3. Buy-and-hold investing

Simply put, in this strategy of passive portfolio management, assets are bought and held with a long-term perspective from the very beginning. There is minimal trading, hence minimal costs. The aim here is to benefit from compounding returns in the long run.

Disadvantages of passive portfolio management

Here are a few drawbacks of the passive portfolio management strategy.

1. Limited flexibility

Naturally, with limited trading and a set of predefined rules in place, passive portfolio management is less flexible and lacks adaptability to market fluctuations and changes in your financial goals.

2. Exposure to market downturns

As your portfolio is crafted to move according to the market indices, it also makes it vulnerable to risk factors that affect the broader market. Market downturns can have a devastating impact on passive portfolios with investors having the option to either cut their losses or wait for recovery.

3. Tracking error

As individual stocks are not tracked, the market index tracking can have small errors or discrepancies leading to variances in the portfolio value. While the difference is small, it can stack up in the long run.

Types of passive portfolio management

There are three popular methodologies that can be used to craft passive portfolios. Let us examine them one by one.

1. Market-cap weighted portfolios

This approach focuses more on big companies, with the assumption that they are more stable than smaller enterprises. Thus, these portfolios assign more weight to the companies with a large market capitalisation. However, it does run the risk of over-concentration and a big company underperforming could potentially incur significant losses.

2. Equal-weighted portfolios

Think of this approach as the counterargument to the market-cap weighted portfolios. This methodology assigns equal weightage to all the stocks in a portfolio, regardless of the respective market capitalisation. It promotes portfolio diversification but also increases the risk of investments in more volatile companies.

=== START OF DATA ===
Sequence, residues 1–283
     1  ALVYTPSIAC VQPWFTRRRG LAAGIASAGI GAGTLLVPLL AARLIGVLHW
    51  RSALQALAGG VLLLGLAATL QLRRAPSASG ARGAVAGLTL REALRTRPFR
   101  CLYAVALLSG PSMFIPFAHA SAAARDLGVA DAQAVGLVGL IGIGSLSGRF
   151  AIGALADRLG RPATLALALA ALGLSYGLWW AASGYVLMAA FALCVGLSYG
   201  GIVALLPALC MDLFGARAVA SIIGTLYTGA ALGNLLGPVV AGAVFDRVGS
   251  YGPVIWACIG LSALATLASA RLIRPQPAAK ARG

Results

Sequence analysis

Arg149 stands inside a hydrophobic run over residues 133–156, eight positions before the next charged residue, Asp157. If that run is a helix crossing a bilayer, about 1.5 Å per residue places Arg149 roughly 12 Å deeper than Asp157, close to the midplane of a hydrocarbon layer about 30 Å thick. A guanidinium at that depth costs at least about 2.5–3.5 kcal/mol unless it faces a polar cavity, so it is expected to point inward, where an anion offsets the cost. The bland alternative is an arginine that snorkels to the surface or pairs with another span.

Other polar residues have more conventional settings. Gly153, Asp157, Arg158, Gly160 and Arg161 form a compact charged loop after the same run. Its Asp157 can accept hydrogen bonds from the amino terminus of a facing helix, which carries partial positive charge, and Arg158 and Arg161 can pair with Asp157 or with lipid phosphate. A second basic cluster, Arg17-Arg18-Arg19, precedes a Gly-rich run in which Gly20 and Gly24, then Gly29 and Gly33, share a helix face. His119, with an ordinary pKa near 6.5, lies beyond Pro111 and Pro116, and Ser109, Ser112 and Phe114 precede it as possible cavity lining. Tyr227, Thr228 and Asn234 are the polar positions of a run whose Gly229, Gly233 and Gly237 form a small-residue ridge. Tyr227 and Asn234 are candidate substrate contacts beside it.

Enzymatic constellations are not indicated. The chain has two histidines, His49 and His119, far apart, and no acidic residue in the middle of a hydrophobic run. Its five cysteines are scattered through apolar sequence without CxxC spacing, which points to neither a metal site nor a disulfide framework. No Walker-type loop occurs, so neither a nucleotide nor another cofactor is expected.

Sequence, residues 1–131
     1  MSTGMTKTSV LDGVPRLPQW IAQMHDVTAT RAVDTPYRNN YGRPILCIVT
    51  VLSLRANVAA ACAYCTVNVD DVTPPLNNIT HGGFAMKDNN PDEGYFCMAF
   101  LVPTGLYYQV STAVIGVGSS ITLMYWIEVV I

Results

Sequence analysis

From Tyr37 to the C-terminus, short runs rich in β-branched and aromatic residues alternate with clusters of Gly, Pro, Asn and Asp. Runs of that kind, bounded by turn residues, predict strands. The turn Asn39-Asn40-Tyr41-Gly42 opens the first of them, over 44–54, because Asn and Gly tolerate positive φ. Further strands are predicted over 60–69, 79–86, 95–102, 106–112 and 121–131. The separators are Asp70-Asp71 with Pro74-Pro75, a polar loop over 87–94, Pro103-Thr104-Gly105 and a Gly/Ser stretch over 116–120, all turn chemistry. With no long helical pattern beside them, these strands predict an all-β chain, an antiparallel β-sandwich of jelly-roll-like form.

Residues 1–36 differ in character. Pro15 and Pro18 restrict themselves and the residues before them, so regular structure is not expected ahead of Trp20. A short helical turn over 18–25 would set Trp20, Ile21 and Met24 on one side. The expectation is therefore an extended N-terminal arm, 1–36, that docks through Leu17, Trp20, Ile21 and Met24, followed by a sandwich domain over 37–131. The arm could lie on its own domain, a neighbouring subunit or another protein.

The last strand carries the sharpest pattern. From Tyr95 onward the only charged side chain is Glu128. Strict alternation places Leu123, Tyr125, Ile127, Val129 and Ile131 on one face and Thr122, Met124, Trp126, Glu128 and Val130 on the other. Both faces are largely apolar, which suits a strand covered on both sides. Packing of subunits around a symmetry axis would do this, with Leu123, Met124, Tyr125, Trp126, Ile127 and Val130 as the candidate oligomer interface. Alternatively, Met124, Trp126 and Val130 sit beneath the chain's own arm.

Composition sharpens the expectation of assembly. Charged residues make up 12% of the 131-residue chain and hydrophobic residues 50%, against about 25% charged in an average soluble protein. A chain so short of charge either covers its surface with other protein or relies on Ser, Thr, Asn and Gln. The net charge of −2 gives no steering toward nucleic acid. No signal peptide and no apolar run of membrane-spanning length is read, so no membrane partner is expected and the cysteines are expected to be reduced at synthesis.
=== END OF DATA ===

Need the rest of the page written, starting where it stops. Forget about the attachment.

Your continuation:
3. Factor-based portfolios

Factor-based portfolios are designed to outperform the market in the long run. This approach promotes making investment decisions based on specific factors like value, quality, and momentum to pick stocks that exhibit these traits.

Key factors to consider for passive portfolio management

With the advantages and disadvantages and various passive portfolio management strategies, it is clear that careful consideration is required when trying to make the right investment choice. Here are some key factors to keep in mind:

1. Asset selection

Picking the right assets is fundamental in trading. The choice becomes even more important under passive portfolio management as the portfolio will largely remain the same over the long haul. Some important facets to remember in choosing assets are volatility, historical performance, and correlation with other stocks in the portfolio.

2. Asset allocation

Allocation refers to the mix of assets in your portfolio. Choose assets depending on your financial goals and risk appetite, and adjust the portfolio over time to align with your dynamic investment goals.

3. Rebalancing

This is an important part of passive portfolio management as tweaks in a passive portfolio are limited. Adjusting your portfolio to periodically align it with your dynamic goals and needs is important to maximise gains.

4. Monitoring performance

It is also crucial for investors to consistently check their passive portfolios to ensure their investment goals are met. This includes evaluating performance metrics like volatility and returns to make changes to the portfolio.